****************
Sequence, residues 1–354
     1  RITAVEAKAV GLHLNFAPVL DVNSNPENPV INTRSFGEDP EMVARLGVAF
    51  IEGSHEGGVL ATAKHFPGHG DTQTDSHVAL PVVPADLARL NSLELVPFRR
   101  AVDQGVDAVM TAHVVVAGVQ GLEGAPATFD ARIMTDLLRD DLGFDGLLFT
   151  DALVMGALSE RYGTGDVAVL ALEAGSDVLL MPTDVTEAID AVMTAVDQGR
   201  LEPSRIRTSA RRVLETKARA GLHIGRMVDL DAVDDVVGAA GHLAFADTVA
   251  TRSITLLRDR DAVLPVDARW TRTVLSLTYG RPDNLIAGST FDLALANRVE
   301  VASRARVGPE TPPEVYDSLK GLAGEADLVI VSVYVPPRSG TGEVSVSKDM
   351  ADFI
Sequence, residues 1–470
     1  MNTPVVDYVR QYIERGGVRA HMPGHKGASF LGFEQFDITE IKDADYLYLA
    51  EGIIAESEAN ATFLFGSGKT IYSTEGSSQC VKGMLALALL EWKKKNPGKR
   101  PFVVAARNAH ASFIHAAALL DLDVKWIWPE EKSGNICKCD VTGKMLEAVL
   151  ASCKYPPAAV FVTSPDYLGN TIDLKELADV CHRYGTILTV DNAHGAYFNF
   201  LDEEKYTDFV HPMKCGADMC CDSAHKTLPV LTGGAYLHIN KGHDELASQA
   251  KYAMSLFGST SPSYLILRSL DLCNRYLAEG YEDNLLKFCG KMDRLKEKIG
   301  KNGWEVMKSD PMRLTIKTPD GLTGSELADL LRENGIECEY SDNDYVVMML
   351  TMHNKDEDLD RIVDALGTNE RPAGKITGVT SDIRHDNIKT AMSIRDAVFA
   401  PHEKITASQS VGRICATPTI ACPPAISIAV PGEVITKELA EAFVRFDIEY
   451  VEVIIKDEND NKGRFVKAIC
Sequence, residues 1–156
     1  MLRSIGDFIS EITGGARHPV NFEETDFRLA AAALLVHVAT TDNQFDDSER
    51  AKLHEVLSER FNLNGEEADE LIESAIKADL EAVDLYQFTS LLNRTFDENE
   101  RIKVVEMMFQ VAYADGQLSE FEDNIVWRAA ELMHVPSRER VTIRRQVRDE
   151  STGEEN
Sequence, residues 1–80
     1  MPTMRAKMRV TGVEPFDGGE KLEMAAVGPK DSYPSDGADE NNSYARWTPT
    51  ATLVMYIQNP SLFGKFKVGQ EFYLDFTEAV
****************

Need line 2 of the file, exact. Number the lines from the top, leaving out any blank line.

     1  RITAVEAKAV GLHLNFAPVL DVNSNPENPV INTRSFGEDP EMVARLGVAF